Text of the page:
Kristin Cashore and Malinda Lo at Mysterious Galaxy

A couple of weekends ago, I attended a virtual author event with Kristin Cashore and Malinda Lo, hosted by the San Diego bookstore Mysterious Galaxy (which did the bookselling all those times I went to YALLWEST). The Q & A was moderated by Tui Sutherland; Sutherland, Cashore, and Lo all live in the Boston area and belong to the same book club. I’ve long been a fan of Kristin Cashore. I’ve actually read all of her books, except for the one that just came out, and I love both the Graceling Realm books (GracelingFire, and Bitterblue) and Jane, Unlimited. I also saw her speak at the Boston Book Festival one October when I was in college (wow, that was a long time ago!). I’ve also long been a fan of Malinda Lo. I’ve read most of her books (and it’s been in the back of my mind to reread Huntress for a while), and I also admire her work with Cindy Pon on Diversity in YA, her research on LGBTQ+ YA By the Numbers, and her posts on craft.

Cashore and Lo were promoting their newest books, released in January. Cashore’s Winterkeep is the latest installment in the Graceling Realm series and features a deep sea creature and telepathic foxes. I believe it has strong environmental themes inspired by Cashore’s travels in the Arctic. Lo’s Last Night at the Telegraph Club is about Lily Hu, a science-minded Chinese-American girl coming into her lesbian identity in 1950s San Francisco.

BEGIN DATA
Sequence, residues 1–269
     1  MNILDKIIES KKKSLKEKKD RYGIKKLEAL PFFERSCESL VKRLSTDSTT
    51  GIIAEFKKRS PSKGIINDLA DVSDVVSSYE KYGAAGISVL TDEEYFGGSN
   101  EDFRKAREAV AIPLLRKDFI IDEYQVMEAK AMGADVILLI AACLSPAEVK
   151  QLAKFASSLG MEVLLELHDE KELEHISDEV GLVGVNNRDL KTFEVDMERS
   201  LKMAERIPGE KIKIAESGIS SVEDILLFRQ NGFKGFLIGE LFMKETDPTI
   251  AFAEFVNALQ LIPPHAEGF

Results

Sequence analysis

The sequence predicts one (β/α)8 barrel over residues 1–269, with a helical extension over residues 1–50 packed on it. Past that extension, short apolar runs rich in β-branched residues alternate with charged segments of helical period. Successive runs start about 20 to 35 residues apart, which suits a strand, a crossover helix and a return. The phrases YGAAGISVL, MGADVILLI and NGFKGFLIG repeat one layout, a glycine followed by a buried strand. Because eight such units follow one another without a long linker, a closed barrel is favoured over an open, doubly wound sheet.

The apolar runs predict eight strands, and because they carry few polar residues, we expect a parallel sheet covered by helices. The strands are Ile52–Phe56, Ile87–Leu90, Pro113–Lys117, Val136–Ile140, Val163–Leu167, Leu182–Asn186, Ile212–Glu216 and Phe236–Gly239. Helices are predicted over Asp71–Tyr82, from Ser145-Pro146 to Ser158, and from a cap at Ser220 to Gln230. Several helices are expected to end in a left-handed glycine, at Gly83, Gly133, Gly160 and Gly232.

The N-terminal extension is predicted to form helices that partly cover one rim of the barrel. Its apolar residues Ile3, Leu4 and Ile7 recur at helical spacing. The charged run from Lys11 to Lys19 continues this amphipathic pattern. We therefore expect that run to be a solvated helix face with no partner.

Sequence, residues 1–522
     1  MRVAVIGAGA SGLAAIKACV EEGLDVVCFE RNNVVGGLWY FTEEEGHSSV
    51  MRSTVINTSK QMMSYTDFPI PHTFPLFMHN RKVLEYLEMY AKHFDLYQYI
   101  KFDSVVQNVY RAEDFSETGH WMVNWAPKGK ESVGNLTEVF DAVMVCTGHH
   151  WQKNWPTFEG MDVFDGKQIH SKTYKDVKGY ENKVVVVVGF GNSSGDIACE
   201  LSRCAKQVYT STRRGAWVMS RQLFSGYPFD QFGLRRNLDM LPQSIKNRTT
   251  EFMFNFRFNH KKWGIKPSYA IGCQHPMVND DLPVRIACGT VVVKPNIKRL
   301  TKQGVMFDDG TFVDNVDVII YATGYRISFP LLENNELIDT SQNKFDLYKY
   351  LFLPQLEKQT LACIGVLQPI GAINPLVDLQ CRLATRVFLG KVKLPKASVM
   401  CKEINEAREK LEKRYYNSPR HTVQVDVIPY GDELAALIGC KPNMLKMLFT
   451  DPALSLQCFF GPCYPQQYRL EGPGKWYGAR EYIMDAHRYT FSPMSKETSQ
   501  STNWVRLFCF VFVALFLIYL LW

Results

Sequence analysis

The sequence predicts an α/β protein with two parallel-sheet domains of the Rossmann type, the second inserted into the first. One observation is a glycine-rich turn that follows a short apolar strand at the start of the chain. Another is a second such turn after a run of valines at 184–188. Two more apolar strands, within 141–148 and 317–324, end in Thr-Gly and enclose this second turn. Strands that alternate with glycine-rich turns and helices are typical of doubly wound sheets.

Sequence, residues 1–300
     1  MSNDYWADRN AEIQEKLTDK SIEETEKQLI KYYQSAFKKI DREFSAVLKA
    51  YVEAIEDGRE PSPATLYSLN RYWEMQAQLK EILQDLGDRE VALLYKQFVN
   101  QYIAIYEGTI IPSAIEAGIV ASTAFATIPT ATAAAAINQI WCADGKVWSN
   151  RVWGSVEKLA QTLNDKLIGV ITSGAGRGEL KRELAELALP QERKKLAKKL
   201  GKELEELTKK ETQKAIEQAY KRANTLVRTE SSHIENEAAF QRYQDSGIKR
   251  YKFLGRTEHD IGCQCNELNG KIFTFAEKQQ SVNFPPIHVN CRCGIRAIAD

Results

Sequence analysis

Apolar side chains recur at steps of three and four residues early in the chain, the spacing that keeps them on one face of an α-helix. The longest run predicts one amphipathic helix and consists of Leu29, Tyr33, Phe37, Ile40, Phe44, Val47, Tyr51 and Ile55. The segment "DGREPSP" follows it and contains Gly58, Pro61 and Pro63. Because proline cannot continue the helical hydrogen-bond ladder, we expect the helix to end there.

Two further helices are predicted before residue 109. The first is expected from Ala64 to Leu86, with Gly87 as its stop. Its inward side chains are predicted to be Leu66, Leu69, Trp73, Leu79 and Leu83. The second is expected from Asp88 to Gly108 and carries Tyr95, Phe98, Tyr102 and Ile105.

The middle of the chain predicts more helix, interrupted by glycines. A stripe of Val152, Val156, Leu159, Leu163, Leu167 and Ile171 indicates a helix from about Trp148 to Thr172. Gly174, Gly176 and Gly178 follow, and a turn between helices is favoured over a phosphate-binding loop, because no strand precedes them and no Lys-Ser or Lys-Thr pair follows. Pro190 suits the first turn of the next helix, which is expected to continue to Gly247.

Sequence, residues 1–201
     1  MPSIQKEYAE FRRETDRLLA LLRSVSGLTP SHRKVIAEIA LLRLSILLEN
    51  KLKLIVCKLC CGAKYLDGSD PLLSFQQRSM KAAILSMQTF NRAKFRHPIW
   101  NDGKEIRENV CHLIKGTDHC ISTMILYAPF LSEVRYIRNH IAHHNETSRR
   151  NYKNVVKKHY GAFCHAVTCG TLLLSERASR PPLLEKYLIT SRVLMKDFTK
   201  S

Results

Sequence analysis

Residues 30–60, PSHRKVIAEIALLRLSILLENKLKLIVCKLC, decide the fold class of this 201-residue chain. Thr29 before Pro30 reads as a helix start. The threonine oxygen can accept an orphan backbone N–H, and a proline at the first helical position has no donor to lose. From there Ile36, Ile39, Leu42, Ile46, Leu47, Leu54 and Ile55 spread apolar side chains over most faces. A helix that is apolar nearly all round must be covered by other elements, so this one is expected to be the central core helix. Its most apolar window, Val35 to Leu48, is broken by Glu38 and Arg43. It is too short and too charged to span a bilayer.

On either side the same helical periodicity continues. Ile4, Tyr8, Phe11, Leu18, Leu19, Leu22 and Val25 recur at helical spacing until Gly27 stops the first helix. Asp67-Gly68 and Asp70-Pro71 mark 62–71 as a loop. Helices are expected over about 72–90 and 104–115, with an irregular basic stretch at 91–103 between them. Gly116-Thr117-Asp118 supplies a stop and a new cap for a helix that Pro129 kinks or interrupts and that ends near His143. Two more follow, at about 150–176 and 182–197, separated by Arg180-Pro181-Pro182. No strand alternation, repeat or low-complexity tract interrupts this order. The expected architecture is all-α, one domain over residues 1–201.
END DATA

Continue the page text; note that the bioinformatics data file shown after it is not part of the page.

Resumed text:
The event began with brief readings by each author. Cashore read a passage from Winterkeep featuring an amazing cat named Lovejoy (are not all literary cats amazing?). Lo read an excerpt from Last Night at the Telegraph Club in which Lily tells her friend Kath from math class about a pulp novel she read at the drugstore in which two women fell in love and asks Kath whether she’s ever heard of such a thing. Kath says yes!